If you laugh at personal branding, you’ve probably missed the point of it.
My all-time favourite piece of Bill Murray wisdom is this: “I always want to say to people who say they want to be rich and famous: ‘Try being rich first. See if that doesn’t cover most of it’.”
The people Murray is talking about have missed the point about being a Hollywood star in much the same way that many people miss the point about personal branding. I hear plenty of people telling me about how anyone trying to build a personal brand is trying to become a celebrity. They often follow this up by claiming that anyone who offers advice on personal branding but isn’t famous themselves is obviously a fraud and a failure. But fame isn’t the objective of a personal brand; professional success is–and so is the personal satisfaction that comes with it. Everything else is a by-product. And if you’re not careful, it can become a distraction.
Not too long ago, the only people who were consistently able to take control of their professional identity were celebrities: rock musicians, film actors, high-profile business leaders and the like. Everyone else had to put up with being defined by their job title, their salary and the university they did (or didn’t) go to. You were just another cookie coming off the cookie cutter and, when you landed the job, it was all too easy to become just another cog in the machine. If you played by the rules then you could make it up the corporate ladder. However, you could equally be left with a deep sense of frustration and unfulfilled potential–and a knowledge that you could be easily replaced by the next person who came along looking exactly like you.
How personal branding democratised interesting careers
The advent of social media changed all of this. It became increasingly apparent that everyone has a digital footprint and that people inevitably make judgments about you on the basis of that digital footprint. If your Facebook feed and LinkedIn profile are the same as the next person’s Facebook feed or LinkedIn profile, if you share all of the same stuff on Twitter, then the conclusion people will draw is that you are fundamentally unremarkable. If you set out to express who you are, what you think, how you feel and what motivates you in ways that are authentic, creative and unique? Well, then people will make judgments on that basis. Everyone has a personal brand. The only choice you have is whether to manage it or not.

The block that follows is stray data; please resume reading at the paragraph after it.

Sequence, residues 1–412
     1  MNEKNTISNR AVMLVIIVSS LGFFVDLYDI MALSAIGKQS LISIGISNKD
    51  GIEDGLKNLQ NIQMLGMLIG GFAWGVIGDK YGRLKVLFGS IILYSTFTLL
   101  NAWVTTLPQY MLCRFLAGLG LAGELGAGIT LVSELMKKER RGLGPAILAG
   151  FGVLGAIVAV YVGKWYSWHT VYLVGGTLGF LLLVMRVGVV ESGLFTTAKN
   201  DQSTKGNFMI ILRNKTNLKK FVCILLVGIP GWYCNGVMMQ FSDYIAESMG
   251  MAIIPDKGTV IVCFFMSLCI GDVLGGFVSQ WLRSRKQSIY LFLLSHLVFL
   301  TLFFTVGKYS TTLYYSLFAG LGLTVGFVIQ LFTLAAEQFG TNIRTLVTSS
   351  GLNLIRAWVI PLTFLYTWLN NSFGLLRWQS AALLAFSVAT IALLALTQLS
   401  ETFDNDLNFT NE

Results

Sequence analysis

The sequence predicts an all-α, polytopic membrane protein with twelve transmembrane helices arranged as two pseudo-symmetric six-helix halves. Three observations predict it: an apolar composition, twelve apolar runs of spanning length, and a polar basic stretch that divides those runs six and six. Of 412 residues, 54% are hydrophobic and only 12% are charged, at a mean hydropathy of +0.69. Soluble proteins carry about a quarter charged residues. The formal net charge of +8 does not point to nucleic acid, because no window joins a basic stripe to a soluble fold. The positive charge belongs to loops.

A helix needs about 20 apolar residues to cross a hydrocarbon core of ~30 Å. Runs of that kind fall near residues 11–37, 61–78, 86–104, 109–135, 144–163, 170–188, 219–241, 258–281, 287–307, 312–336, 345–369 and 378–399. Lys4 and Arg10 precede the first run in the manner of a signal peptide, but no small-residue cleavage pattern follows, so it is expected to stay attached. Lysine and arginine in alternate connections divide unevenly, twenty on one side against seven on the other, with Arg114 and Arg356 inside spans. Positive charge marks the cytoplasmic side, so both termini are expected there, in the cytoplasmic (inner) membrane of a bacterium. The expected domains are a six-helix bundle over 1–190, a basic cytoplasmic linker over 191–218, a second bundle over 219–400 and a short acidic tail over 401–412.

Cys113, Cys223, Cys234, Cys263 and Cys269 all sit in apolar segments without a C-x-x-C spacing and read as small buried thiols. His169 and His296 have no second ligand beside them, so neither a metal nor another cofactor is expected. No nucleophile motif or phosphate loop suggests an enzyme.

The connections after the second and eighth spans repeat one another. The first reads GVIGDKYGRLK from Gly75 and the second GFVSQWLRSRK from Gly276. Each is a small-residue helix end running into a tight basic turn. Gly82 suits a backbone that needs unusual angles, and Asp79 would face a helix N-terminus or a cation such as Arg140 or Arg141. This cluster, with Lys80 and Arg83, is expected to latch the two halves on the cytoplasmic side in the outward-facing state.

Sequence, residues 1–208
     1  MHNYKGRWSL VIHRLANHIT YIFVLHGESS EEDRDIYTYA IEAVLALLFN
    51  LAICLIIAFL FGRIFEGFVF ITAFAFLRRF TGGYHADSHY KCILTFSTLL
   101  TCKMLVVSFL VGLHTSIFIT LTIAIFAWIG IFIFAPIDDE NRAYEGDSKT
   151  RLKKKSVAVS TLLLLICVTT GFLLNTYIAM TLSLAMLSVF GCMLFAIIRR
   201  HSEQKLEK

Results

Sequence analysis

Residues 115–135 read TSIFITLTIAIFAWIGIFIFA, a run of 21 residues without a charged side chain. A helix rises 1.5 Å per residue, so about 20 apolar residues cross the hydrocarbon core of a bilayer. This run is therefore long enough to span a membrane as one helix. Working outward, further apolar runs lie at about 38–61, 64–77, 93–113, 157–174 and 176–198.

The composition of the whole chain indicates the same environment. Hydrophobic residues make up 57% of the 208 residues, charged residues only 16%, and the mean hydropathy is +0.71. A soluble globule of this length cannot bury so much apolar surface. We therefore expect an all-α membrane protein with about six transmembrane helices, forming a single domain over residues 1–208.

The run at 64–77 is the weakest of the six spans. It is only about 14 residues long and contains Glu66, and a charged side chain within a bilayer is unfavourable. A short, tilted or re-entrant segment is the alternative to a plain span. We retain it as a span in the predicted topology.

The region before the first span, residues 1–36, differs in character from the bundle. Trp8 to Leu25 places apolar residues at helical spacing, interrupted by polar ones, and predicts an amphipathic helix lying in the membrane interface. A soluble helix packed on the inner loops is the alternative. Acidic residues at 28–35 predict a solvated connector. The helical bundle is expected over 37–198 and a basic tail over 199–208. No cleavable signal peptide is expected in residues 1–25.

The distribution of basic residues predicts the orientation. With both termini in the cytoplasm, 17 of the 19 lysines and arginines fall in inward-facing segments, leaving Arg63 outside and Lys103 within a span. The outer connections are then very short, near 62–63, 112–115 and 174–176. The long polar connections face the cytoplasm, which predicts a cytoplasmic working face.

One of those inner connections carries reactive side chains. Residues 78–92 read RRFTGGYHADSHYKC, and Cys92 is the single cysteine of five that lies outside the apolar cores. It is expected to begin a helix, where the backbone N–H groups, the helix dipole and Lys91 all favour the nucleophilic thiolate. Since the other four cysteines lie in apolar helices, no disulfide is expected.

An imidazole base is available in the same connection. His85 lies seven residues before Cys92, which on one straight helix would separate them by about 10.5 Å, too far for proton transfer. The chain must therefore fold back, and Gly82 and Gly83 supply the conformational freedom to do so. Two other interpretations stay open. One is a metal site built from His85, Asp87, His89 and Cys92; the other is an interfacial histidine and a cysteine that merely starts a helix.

Choosing to take an active interest in personal branding transforms lives. And it does so without ever needing to make anybody famous. It democratises the ability to be yourself, differentiate yourself from the crowd based on your personality, determination and, ultimately, your experiences. It’s a calling card that enables opportunity to find you. Because it amplifies what you’re about and builds awareness of what you have to offer, it gives people well-defined reasons for wanting to work with you. It makes more interesting careers possible.
With personal brands, you have to focus on the right metric
The most important metric for most personal brands isn’t awareness levels, or fame. It’s distinctiveness. Your personal brand doesn’t have to reach people at scale, provided it’s standing out and shaping perceptions among the specific people that matter to you. In marketing terms, most personal brands have niche audiences, highly personalised but highly relevant, and highly influential as to your success and happiness. You don’t need tens of thousands of people to know who you are, provided the several hundred who matter do.
When understated brands are best